Steps to follow and when manifestation helps
While manifesting may not be backed by sound scientific evidence and has drawn numerous critics over the years, the Law of Attraction is very popular and has been around for a long time.
The principle dates back to an ancient Eastern philosophy first mentioned in the West by American spiritualist Andrew Jackson Davis in the 1850s. Manifesting has been praised by everyone from Ralph Waldo Emerson to Oprah Winfrey; with reminders to review one’s vision board or repeat daily affirmations that are shared regularly on social media. But even without such reminders, “we’re constantly manifesting ourselves, consciously or unconsciously,” says Lalah Delia, wellness educator and author of the mindfulness and self-care book Vibrate Higher Daily.
Experts say that understanding what manifesting is and isn’t is crucial to seeing its impact on one’s life and unlocking its potential for more purposeful goal setting.
What is manifesting?
Although manifesting has different meanings for different people, “at its core, manifesting is the belief that we have the power to shape our own reality,” says Amanda Darnley, PsyD, a Philadelphia-based psychologist. Darnley says the steps one takes to manifest “can have a profound impact on your beliefs about yourself, your world, and your future.”
Kim Polinder, MA, a relationship coach in Long Beach, Calif., and host of the Engineering Love podcast, explains that while the process is not religious per se, “manifesting can be considered spiritual because many believe that the Universe or higher forces help to realize the manifested intentions.
“Manifestation is all about taking control of your life, becoming the hero of it, and creating the life you want,” says Delia. “This is important because it puts us at the forefront of our lives and allows us to mindfully create something that is deeply meaningful and fulfilling.”
How to manifest
“Manifestation is a potential that we all have,” says Delia. “However, the key is to manifest consciously and intentionally.” The three-step process to do this involves the following:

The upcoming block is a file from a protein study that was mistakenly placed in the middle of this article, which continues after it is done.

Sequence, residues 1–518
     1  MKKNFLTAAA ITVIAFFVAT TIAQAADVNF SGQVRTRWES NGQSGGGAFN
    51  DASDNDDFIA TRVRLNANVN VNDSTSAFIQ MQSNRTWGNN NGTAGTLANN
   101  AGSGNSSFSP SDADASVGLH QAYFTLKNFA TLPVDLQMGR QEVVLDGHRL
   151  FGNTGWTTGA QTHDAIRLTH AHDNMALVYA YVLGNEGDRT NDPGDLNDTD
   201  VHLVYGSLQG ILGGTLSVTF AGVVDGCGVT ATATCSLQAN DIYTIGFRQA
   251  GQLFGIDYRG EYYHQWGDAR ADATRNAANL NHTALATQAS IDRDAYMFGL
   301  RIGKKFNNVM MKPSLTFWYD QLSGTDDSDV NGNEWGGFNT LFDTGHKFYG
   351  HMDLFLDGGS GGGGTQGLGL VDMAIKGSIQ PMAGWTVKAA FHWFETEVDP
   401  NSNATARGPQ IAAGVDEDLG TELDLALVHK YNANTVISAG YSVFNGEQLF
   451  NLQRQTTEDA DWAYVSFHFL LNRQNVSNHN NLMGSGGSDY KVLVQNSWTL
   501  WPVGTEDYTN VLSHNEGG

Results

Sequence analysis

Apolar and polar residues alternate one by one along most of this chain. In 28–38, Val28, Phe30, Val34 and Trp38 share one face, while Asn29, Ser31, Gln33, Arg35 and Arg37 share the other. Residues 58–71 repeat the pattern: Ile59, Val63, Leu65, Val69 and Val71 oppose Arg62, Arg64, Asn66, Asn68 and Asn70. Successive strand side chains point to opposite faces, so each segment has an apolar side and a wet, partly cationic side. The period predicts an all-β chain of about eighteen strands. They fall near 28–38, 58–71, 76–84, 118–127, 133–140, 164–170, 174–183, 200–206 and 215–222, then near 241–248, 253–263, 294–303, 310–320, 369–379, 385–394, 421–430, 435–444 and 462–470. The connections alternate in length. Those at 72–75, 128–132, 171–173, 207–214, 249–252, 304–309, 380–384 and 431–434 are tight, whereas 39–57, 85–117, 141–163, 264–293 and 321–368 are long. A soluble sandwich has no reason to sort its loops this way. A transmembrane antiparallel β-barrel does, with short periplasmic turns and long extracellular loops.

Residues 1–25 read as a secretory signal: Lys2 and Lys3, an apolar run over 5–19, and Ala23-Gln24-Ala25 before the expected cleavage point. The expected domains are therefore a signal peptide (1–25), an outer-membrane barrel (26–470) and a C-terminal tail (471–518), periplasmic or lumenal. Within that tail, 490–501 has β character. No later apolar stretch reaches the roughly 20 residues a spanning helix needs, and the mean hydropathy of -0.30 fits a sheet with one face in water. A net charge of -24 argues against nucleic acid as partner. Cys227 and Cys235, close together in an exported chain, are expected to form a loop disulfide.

- Step 1 is to “clearly define what you want and break it down into small, achievable steps, and then keep those goals in mind,” says Darnley. This is where setting daily intentions, personal affirmations, and vision boards come into play.
- Step 2 is to work on what is under your control. “Creating is recognizing opportunities and taking action to achieve your goals,” says Darnley. Part of that is believing that you even have the power to achieve your goals.
- Step 3 is to mark progress and acknowledge achievements along the way. “When you cultivate gratitude and pay attention to your gains, no matter how small, your perspective essentially shifts to a ‘growth mindset’ where you look for ways to make things go well and setbacks as small challenges or diversions contemplating rather than getting bogged down.” down from them,” says Darnley.
What are the benefits of manifesting?
While such steps under the name “manifest” may not have scientific backing (“There is no empirical evidence or peer-reviewed research to support the idea of manifesting from a scientific perspective,” says Polinder), Polinder says that the power of the process that is in the eye of the beholder and that following such steps has proven to be beneficial for many participants. “There is significant overlap with the core principles of manifestation and the psychology of change,” adds Darnley. For example, she says there’s a lot of research in psychology that “emphasises the importance of setting clear, achievable goals, taking consistent action, and maintaining a growth mindset—all of which are part of the manifestation process.”
In other words, for many people, manifesting is just about setting goals and visualizing what you want to achieve before rolling up your sleeves and working to achieve it. But Darnley says part of this process also means accepting things that are out of your control. “The fact is, sometimes bad things happen to good people… and not everything can be manifested,” she explains. “We are all limited by the systems we live in.”
Polinder agrees, saying that in order to manifest, you also need to have realistic expectations. “Contrary to popular belief, we can’t manifest ‘everything’ we desire,” she explains. “For example, at 51, there’s no way I can prove that I’m a professional basketball player.” Losing that and then failing to accomplish something you had in mind can, she says, create feelings of unworthiness, Empowering shame, self-blame, or even a feeling of being abandoned by God or the universe.
“With the right perspective, however, manifesting can be a helpful tool in helping you focus and clarify your goals,” says Polinder. Of course, “achieving one’s goals still involves investing the effort, time, and effort to achieve one’s desires.”